Monday, November 18, 2013

A Bittersweet Story

Along the walk beside Valley Water Mill Lake, we saw the bright orange fruit of a bittersweet vine.  As Barb began the chase to determine if it was the native or the invasive oriental species, we discovered some interesting botanical sidelights.

Our native American bittersweet (Celastrus scandens) has almost been loved to death because of its bright orange berries which brighten the woods after the autumn leaves fall.  People harvest the vine for decoration, leaving less to reproduce naturally.  Bittersweet vines have either male or female flowers (called dioecious) and needs nearby male plants for the female plant to reproduce.  This complicates its reproductive ability and it is considered threatened in several states.

The berries are a favorite food for birds but poisonous to humans.  They are said to not be necessarily deadly but likely to make the prospect temporarily a desirable option until the intestinal tract settles down.  They were used by settlers and native Americans to induce vomiting and treat venereal disease (possibly making one want to avoid the source in the future?)  The bittersweet vine is stout and twines vigorously enough to strangle saplings and damage small trees.

Unfortunately, not all bittersweet is as desirable.  Celastrus orbiculatus (Oriental bittersweet) is an invasive species that is threatening not only our American variety but also the landscape it spreads in.  It was introduced as a beautiful method of roadside erosion control in the Northeastern US because it grows readily and is resistant to disease (sound like a familiar recipe for invasive spread?) and indeed it is all those things.

Oriental Bittersweet, note berries off leaf axils -
Its flowers and showy scarlet fruit arise from the leaf axils while the American species occur to the ends of the branch.  The American bittersweet capsule around the fruit is orange, the Oriental is yellow.

Oriental bittersweet vines tightly on trees with the same strangling capability as its American cousin.  Since it grows more aggressively as it climbs to find the sun it can cause more damage.  It also grows without support as a shrub, creating a dense thicket.  It naturalized, spreading across the eastern US.  It became popular in wreaths and floral arrangements which are then discarded and scavenged by birds, spreading the seeds farther.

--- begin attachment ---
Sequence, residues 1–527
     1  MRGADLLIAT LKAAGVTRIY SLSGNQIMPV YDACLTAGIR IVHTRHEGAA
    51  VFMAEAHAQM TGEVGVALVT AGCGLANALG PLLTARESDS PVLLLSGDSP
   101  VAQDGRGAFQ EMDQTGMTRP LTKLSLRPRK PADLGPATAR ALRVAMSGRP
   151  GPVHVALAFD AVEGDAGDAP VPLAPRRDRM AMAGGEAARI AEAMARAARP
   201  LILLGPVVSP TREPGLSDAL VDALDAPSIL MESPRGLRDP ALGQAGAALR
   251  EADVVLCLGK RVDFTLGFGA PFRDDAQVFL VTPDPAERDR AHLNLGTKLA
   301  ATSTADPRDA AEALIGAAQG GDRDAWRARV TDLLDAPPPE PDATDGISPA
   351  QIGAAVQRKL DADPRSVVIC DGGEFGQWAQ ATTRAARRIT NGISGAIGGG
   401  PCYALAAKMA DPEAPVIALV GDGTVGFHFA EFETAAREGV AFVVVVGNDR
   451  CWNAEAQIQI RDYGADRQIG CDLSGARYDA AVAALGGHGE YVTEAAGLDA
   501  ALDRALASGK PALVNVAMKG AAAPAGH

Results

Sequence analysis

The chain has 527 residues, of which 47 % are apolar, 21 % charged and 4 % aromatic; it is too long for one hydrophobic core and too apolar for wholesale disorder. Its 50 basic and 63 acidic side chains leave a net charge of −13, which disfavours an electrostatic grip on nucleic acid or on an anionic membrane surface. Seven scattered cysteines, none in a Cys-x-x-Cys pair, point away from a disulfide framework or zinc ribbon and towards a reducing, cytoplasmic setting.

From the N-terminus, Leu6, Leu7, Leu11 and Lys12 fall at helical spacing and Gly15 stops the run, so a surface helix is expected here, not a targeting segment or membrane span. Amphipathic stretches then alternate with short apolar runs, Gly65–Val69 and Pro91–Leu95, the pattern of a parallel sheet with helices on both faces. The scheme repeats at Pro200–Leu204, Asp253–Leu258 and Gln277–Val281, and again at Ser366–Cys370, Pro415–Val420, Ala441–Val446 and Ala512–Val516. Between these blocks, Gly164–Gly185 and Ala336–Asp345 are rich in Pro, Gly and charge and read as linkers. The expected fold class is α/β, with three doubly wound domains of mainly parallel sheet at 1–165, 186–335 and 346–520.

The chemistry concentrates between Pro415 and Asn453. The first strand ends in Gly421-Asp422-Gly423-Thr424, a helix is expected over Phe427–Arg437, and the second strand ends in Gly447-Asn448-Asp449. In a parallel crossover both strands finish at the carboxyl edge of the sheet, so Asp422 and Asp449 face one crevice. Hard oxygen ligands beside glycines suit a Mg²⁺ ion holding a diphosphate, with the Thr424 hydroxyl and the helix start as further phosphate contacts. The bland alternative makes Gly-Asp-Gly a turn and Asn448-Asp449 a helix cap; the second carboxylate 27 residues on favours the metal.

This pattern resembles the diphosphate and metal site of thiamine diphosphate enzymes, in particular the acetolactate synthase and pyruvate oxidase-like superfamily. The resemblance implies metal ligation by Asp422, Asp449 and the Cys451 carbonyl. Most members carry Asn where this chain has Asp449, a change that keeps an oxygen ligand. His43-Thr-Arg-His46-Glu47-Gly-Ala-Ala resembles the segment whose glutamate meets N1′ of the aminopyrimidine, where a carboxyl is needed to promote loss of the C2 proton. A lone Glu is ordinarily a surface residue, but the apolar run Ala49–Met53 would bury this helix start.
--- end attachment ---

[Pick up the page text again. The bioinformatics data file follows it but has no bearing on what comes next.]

Oriental bittersweet climbs the trees -
Although capable of growing in a wide variety of conditions, it thrives in sunlight and produces a greater amount of above ground biomass, climbing to reach the sun and blocking out less aggressive natives in their search for light.  Its ability to strangle small trees improves its access to sunlight while it also is stealing nutritional resources from the roots.

Oriental bittersweet takes over - Terrene
Oriental bittersweet vines cut at base - Terrene

Oriental bittersweet has an interesting association with mycorrhizal fungi.  C. orbiculatus is especially dependent on high levels of phosphorus.  Mycorrhizal fungi that form a mutualistic relationship with its roots provide this nutrient in phosphorus-poor soils and the bittersweet therefore can use more of its energy above ground rather than wasting it producing more root mass looking for phosphorus.  The presence of the fungi are an critical factor in the Oriental bittersweet's success.

Oriental bittersweet also hybridizes with its American cousin, outcompeting it in the landscape.  There are steps you can do to help fight the invasion.
  1. Don't plant Oriental bittersweet.
  2. If using it in decorations, destroy the berries, don't leave them in a landfill or outside  for the birds to spread.
  3. Plant only native American bittersweet from a reputable and knowledgeable dealer.
  4. Avoid harvesting American bittersweet in the wild.  It needs all the help it can get.
  5. Cut and kill Oriental bittersweet.

Oriental bittersweet base - The End- Terrene

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